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PLoS One. 2017 Feb 2;12(2):e0170977. doi: 10.1371/journal.pone.0170977. eCollection 2017.

Whole genome sequencing of an African American family highlights toll like receptor 6 variants in Kawasaki disease susceptibility.

Author information

1
Department of Biomedical Informatics, University of California San Diego, La Jolla, California, United States of America.
2
Department of Pediatrics, University of California San Diego, La Jolla, California, United States of America.
3
Rady Children's Institute for Genomic Medicine, Rady Children's Hospital, San Diego, California, United States of America.
4
Bioinformatics and Systems Biology Graduate Program, University of California San Diego, La Jolla, California, United States of America.
5
Illumina, San Diego, California, United States of America.
6
Genome Institute of Singapore, Singapore, Singapore.
7
Depatment of Pathogen Molecular Biology, London School of Hygiene and Tropical Medicine, London, United Kingdom.
8
Rady Children's Hospital San Diego, San Diego, California, United States of America.
9
Moores Cancer Center, University of California San Diego, La Jolla, California, United States of America.

Abstract

Kawasaki disease (KD) is the most common acquired pediatric heart disease. We analyzed Whole Genome Sequences (WGS) from a 6-member African American family in which KD affected two of four children. We sought rare, potentially causative genotypes by sequentially applying the following WGS filters: sequence quality scores, inheritance model (recessive homozygous and compound heterozygous), predicted deleteriousness, allele frequency, genes in KD-associated pathways or with significant associations in published KD genome-wide association studies (GWAS), and with differential expression in KD blood transcriptomes. Biologically plausible genotypes were identified in twelve variants in six genes in the two affected children. The affected siblings were compound heterozygous for the rare variants p.Leu194Pro and p.Arg247Lys in Toll-like receptor 6 (TLR6), which affect TLR6 signaling. The affected children were also homozygous for three common, linked (r2 = 1) intronic single nucleotide variants (SNVs) in TLR6 (rs56245262, rs56083757 and rs7669329), that have previously shown association with KD in cohorts of European descent. Using transcriptome data from pre-treatment whole blood of KD subjects (n = 146), expression quantitative trait loci (eQTL) analyses were performed. Subjects homozygous for the intronic risk allele (A allele of TLR6 rs56245262) had differential expression of Interleukin-6 (IL-6) as a function of genotype (p = 0.0007) and a higher erythrocyte sedimentation rate at diagnosis. TLR6 plays an important role in pathogen-associated molecular pattern recognition, and sequence variations may affect binding affinities that in turn influence KD susceptibility. This integrative genomic approach illustrates how the analysis of WGS in multiplex families with a complex genetic disease allows examination of both the common disease-common variant and common disease-rare variant hypotheses.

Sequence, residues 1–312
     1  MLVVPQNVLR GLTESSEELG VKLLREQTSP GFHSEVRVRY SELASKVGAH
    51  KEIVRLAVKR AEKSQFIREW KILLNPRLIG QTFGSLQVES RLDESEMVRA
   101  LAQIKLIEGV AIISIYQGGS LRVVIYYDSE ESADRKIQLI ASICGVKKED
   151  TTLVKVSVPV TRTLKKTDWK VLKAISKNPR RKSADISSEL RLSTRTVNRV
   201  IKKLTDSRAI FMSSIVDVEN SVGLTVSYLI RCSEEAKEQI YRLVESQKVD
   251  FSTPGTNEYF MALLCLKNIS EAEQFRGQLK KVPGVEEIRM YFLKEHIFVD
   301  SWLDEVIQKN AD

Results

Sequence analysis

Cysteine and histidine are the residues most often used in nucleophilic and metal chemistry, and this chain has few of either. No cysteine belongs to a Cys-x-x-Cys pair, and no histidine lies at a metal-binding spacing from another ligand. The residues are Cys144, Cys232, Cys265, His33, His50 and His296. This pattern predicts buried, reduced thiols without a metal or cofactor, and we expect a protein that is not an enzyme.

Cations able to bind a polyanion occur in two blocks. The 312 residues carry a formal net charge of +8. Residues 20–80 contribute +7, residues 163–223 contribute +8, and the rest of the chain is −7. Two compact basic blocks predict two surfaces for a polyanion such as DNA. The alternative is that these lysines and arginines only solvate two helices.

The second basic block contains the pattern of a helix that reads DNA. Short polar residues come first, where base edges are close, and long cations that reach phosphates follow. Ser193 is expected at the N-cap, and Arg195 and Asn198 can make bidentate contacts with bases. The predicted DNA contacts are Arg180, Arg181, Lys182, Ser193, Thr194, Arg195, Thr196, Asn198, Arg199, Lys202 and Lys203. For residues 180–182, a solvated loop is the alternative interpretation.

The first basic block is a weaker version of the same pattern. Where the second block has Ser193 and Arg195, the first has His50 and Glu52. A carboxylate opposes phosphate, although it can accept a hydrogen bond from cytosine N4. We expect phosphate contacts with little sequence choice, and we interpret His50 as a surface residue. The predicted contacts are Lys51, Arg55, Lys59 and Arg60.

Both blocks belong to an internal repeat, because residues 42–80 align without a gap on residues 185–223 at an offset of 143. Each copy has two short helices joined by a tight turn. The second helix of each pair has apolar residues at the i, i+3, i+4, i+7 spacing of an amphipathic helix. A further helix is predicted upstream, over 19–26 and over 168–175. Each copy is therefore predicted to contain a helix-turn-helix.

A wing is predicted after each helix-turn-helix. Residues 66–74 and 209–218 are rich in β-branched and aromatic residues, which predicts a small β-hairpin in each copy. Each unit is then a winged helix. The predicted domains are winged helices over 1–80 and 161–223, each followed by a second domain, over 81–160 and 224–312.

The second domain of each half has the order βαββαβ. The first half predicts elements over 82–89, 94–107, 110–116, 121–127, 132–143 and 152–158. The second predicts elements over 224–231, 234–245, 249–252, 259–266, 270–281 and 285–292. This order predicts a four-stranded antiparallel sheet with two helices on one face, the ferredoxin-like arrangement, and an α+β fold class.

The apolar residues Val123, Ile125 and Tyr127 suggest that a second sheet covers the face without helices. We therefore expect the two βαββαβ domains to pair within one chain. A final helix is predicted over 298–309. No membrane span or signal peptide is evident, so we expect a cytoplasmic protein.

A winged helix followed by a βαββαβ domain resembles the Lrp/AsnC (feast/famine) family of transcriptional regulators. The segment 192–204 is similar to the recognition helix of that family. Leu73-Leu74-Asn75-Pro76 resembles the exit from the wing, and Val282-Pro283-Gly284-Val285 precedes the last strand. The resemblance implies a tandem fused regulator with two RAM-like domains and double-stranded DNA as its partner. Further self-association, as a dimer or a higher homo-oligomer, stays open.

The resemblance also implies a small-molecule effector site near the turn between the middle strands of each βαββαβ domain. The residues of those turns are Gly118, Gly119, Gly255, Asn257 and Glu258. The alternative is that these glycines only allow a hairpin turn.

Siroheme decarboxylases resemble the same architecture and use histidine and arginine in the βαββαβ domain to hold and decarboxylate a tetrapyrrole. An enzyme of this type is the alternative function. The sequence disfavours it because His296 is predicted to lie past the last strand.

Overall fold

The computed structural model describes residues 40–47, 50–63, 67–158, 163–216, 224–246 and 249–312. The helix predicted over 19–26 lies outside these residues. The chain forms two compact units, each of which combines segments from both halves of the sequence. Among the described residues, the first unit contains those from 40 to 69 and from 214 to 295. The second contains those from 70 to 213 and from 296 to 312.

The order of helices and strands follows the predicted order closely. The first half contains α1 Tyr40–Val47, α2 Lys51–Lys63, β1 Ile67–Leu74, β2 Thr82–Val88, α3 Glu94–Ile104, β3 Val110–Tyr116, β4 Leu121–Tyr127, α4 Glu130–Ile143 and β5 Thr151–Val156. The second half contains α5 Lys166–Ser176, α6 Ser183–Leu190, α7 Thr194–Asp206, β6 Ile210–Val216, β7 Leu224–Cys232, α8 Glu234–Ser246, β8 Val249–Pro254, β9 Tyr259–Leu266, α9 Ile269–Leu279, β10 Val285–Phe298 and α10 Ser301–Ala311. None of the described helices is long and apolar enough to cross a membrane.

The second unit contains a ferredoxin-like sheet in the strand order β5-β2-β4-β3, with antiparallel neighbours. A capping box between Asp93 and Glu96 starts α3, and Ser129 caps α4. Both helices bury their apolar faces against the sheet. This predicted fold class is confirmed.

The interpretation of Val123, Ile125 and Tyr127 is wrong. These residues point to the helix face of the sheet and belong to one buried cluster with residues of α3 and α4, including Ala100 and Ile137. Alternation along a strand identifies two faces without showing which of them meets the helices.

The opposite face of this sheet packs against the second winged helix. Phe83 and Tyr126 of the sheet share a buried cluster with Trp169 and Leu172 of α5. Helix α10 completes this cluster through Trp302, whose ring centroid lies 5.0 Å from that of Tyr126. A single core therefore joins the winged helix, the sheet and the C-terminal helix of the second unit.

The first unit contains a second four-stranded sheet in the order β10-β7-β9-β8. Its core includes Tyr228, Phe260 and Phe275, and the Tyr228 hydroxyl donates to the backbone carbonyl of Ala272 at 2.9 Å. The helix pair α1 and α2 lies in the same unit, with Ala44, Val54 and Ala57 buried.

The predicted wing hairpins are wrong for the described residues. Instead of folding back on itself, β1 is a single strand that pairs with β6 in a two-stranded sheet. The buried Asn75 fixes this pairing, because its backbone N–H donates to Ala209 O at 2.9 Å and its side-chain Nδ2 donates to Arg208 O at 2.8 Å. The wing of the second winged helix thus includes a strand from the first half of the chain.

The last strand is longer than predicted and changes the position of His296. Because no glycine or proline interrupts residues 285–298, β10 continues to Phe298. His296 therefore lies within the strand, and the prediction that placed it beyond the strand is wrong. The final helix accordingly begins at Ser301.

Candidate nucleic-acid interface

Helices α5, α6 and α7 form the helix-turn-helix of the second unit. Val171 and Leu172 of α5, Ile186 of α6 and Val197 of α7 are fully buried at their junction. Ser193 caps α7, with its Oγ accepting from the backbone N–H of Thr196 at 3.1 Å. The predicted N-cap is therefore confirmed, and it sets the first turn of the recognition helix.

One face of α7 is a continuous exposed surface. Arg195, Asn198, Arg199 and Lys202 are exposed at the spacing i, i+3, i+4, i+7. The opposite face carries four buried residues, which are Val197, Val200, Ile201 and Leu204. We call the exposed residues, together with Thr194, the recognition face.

PMID:
28151979
PMCID:
PMC5289527
DOI:
10.1371/journal.pone.0170977
[Indexed for MEDLINE]
Free PMC Article

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